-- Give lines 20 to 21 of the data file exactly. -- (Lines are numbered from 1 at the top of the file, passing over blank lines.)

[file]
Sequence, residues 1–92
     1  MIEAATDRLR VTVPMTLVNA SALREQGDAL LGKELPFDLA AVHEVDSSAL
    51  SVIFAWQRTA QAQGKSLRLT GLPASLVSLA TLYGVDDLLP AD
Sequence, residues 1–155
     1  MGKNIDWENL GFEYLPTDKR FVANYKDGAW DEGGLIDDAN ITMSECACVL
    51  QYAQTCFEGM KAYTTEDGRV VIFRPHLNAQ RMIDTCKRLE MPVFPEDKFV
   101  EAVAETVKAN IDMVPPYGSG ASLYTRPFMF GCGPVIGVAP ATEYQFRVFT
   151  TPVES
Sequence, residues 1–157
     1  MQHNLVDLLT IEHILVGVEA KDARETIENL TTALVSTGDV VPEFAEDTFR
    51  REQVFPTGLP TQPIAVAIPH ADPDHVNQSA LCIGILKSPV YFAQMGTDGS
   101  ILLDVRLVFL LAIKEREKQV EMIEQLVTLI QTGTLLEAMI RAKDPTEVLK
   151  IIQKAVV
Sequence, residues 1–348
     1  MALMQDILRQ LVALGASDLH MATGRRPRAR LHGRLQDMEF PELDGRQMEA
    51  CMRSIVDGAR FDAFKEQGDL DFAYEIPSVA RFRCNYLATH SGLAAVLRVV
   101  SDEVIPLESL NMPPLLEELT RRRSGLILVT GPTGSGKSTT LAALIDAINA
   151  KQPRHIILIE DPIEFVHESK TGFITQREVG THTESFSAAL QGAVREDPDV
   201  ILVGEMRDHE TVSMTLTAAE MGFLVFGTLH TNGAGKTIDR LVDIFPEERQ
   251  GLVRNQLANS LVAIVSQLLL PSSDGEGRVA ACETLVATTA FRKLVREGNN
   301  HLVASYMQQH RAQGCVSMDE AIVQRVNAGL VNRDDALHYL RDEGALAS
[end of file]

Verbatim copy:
   251  GLVRNQLANS LVAIVSQLLL PSSDGEGRVA ACETLVATTA FRKLVREGNN
   301  HLVASYMQQH RAQGCVSMDE AIVQRVNAGL VNRDDALHYL RDEGALAS